Home > Beautiful Graves

Beautiful Graves
Author: L.J. Shen


CONTENTS

START READING

PLAYLIST

PROLOGUE

PART 1

ONE

TWO

THREE

FOUR

FIVE

SIX

SEVEN

EIGHT

NINE

TEN

ELEVEN

TWELVE

THIRTEEN

FOURTEEN

FIFTEEN

SIXTEEN

SEVENTEEN

EIGHTEEN

NINETEEN

TWENTY

PART 2

TWENTY-ONE

TWENTY-TWO

TWENTY-THREE

TWENTY-FOUR

TWENTY-FIVE

TWENTY-SIX

TWENTY-SEVEN

TWENTY-EIGHT

TWENTY-NINE

EPILOGUE

ACKNOWLEDGMENTS

PREVIEW: PLAYING WITH FIRE

PROLOGUE

ABOUT THE AUTHOR

 

 

The things that we love tell us what we are.

—Saint Thomas Aquinas

Hope is a waking dream.

—Aristotle

 

 

PLAYLIST

Duran Duran—“Save a Prayer”

Oasis—“Don’t Look Back in Anger”

Annie Lennox—“No More ‘I Love You’s’”

Dubstar—“Stars”

The Hollies—“The Air That I Breathe”

Goldfinger—“Put the Knife Away”

 

 

PROLOGUE

This is not how I imagined I’d enter this church.

Wearing a black garment, my eyes sunken, my lips chapped.

The only thing roiling in my stomach right now is a lukewarm cup of coffee I gulped in one go to wash down the Valium.

Despite everyone I know being here, supporting me, I know it doesn’t matter. The thing about tragedies is, you can never outrun the Big Alone. At some point, it catches up with you. In the middle of the night. When you’re taking a hasty shower. When you roll in bed and the linen is pressed and smooth where your lover should be.

The big moments in your life are always experienced in solitude.

But I’m not ready to say goodbye.

“You don’t have to stay for the burial,” Dad, practical and to the point, tells me. We pass by people. I keep my gaze firmly on the church’s doors, refusing eye contact. “They’ll understand. You’re going through hell right now.”

Maybe it’s wrong not to care what people think, but I genuinely don’t. I’m not going to be here when the casket is lowered to the ground. I’ll be long gone before everyone falls apart. Before it becomes real. Maybe it makes me a coward, but I just can’t take it. Another premature goodbye.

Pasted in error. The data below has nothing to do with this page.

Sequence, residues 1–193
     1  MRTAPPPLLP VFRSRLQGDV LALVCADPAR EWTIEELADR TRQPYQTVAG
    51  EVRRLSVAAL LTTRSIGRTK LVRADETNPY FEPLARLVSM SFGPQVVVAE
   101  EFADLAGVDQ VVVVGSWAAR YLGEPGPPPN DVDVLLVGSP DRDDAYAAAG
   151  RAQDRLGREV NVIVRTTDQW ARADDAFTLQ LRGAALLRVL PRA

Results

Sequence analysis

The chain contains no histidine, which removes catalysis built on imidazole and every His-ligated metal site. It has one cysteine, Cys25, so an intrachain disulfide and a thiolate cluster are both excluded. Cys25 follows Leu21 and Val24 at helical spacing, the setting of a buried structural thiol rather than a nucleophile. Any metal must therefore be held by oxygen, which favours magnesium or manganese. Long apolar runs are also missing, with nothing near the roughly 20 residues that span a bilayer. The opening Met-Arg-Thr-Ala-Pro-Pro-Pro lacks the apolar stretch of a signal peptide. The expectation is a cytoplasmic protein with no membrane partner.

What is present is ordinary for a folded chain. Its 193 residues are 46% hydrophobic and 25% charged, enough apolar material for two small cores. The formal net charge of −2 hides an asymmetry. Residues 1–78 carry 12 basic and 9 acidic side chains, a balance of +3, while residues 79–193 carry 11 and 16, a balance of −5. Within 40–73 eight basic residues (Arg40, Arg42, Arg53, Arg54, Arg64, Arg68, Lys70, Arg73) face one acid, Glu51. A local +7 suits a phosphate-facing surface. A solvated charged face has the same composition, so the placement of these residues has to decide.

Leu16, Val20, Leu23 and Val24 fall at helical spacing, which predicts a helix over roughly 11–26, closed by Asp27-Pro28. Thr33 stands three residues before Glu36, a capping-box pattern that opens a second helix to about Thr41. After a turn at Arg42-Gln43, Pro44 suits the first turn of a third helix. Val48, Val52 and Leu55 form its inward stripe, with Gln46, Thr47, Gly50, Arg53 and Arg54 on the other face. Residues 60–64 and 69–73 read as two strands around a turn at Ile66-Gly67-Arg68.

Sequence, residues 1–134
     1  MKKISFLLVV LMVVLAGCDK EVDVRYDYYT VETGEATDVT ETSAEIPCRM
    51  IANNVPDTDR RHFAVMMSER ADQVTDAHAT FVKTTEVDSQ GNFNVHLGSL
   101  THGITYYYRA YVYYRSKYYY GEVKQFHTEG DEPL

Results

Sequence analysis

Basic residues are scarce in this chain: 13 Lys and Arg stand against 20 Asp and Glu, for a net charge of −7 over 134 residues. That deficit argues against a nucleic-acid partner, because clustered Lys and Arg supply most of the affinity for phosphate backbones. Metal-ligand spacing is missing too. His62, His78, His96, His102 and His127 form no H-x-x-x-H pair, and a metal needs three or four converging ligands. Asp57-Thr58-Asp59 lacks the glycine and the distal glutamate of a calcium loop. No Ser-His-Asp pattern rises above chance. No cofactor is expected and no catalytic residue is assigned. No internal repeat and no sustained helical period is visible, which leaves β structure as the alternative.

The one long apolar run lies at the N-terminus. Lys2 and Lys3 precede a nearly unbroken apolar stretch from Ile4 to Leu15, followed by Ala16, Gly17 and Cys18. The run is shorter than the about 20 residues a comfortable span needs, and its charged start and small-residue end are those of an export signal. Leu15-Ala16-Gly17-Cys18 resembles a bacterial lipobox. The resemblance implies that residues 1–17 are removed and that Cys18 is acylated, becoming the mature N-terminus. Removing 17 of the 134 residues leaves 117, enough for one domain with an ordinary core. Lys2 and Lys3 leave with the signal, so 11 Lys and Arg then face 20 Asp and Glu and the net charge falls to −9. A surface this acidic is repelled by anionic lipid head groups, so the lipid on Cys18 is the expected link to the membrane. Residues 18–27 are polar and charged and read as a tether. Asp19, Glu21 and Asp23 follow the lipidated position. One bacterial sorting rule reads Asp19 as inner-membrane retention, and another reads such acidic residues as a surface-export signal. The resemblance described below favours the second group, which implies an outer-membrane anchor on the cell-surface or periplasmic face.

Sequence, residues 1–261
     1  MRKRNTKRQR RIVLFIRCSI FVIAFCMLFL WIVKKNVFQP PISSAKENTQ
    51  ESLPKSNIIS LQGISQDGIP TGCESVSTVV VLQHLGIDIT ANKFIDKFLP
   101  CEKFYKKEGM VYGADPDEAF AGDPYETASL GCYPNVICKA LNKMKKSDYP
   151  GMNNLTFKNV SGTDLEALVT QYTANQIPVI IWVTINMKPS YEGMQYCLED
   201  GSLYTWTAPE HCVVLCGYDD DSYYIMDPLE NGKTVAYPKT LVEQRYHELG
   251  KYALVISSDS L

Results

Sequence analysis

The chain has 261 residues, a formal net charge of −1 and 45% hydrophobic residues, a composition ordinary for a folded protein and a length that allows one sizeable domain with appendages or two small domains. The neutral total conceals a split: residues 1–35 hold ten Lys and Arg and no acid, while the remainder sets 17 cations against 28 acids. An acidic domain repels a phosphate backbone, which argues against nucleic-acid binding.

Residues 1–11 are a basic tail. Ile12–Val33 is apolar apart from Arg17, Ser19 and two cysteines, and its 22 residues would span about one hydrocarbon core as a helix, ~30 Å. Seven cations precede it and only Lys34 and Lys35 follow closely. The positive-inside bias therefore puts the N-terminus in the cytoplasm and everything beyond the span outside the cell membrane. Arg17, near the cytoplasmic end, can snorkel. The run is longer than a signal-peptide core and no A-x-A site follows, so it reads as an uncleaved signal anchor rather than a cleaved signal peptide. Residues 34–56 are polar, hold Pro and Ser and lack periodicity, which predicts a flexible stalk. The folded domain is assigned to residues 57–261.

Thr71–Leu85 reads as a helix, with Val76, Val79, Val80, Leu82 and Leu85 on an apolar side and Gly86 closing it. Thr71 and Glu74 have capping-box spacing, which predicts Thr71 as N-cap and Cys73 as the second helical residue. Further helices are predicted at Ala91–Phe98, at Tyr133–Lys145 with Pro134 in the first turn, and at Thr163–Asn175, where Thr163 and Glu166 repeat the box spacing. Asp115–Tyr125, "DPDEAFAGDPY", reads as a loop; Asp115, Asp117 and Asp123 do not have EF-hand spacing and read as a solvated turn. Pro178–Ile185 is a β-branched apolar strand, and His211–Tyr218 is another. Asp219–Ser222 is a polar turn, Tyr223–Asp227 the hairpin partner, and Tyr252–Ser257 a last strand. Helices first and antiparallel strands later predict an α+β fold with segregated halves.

“I bet he’ll have a beautiful grave.” I hear my own voice. It rises from the pit of my stomach, like bile. “Everything about him is beautiful.”

“Was,” a voice behind me corrects.

I don’t need to turn around to know who it belongs to.

It’s the man who holds the other piece of my heart.

And that’s it—I can’t take it anymore. Two feet from the church’s doors, I sink to my knees, drop my head, and begin to cry. Mourners around me murmur in hushed voices. Poor child and Not her first tragedy and What is she going to do now?

They’re not wrong. I have no idea what I’ll do. Because even in the best of times, I’ve always been torn.

Between the man I am about to bury.

And the man standing behind my back.

 

 

PART 1

 

 

ONE

Eighteen.

It starts with a dare on La Rambla Street.

With my best friend’s callous attempt to catch some guy’s attention.

“You’re killing yourself, bro.”

Pippa reaches for a cigarette clasped inside his mouth. She withdraws it from his lips and snaps it in two.

It’s our first hour in Barcelona, and already she is looking for creative ways to get us both killed.

“Here. You’re welcome. Just saved you from cancer.” With a toss of her ombré hair, she slips past the sliding doors of a pharmacy, leaving the guy to stand there.